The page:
2. What it says about the Russians as warfighters. The Battle of Bakhmut confirms that the Russian Army is still struggling with basic operations. Returning to the map of the present situation above, the stunning thing is that the Ukrainians are still in the city and seem to be debating what to do. An advanced military should be able to shut down all supply reaching the city from the one open road, indeed you would think the Russian army, which has Bakhmut invested on three sides, would be able to surround the city at this point. However, they cant—and can only advance in tiny increments a day. The fact that the Ukrainians are still debating whether to leave—is a sign of Russian failure.

  3. What it says about Russian grand strategy. The Kremlin, or more obviously Putin, still seems set on achieving traditional battlefield victories and taking places on a map, instead of attacking the Ukrainian ability to wage war. That the Russians would be expending so much force to take something that makes no difference in Ukrainian war fighting capacity, seems baffling. These attacks, and the inability of the Russians to take Bakhmut after six months, are a sign that Russian strategic aims are bleeding the Russian army greatly. They are ‘losing more to take less’ as I tried to explain in my weekend update a few weeks ago.

    Phillips’s Newsletter
    Weekend Update 16: Russia's 'Massive' Offensive is a Sign of Declining Efficiency: Losing More to Take Less.
    Russia's 'Massive' Offensive is a sign of declining efficiency Well, this week shows how quickly the mood music can change in the reporting of this war (which reveals just how problematic the reporting can be. After the week before, when there was all the rather doom-laden talk of an impending Russian offensive of thousands of tanks and massed ranks of a…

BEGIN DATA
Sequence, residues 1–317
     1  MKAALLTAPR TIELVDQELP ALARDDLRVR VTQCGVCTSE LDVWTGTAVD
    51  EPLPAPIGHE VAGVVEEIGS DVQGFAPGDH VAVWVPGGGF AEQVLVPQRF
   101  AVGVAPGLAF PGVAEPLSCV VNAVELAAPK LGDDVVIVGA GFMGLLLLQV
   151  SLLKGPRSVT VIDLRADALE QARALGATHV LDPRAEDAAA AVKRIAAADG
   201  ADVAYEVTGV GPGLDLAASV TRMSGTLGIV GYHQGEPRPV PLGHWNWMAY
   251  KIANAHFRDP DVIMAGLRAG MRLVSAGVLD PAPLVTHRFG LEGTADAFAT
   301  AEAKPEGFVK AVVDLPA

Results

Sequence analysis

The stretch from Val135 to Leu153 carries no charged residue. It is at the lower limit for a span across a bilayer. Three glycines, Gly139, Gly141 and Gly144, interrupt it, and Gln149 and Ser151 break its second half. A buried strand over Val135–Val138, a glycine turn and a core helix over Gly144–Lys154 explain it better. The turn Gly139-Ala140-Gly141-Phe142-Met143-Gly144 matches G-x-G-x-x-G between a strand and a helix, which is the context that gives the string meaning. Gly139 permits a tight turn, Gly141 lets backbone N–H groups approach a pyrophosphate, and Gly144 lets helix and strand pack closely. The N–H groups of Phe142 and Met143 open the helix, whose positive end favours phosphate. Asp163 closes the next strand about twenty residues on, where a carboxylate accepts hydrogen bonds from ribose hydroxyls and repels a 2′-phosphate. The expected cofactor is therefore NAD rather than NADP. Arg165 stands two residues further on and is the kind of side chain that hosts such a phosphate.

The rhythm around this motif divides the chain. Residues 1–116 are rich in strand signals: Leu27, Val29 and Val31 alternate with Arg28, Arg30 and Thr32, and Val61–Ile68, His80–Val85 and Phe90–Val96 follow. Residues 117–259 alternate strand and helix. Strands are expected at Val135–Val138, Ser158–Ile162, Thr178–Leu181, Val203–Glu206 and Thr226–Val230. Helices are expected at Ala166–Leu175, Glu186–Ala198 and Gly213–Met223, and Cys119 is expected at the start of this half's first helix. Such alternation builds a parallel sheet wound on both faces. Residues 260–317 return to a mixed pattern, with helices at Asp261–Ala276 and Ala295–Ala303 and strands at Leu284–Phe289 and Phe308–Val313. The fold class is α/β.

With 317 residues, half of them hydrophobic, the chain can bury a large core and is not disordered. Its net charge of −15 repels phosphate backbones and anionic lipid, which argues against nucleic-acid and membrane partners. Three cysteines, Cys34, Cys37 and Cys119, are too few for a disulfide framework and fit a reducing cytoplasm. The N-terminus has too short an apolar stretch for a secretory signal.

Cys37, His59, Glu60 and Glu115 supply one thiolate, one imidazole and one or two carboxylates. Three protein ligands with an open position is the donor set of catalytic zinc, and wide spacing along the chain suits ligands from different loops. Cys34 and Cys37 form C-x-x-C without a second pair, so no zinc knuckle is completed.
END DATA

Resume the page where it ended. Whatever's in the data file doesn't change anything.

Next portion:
Read more

So that is the state of play for the Battle of Bakhmut, at least from my perspective this morning. It might indeed be a good thing for the Ukrainians to pull out now, if they are in such a bad situation that the loss rate is not as high in their favor as one would like, then continuing to fight for the city would be dangerous. On the other hand, the reporting this morning is more positive about the Ukrainians trying to hold the city. The Institute for the Study of War still believes that encircling Bakhmut will be very difficult for the Russians.

And the most recent stories of combat action, once again, are stressing the desperation that Russian forces are facing through their terrible way of attacking.

We will know the results relatively soon—and when we do, we should look at the Battle as Nathaniel Greene looked at Bunker Hill in 1775.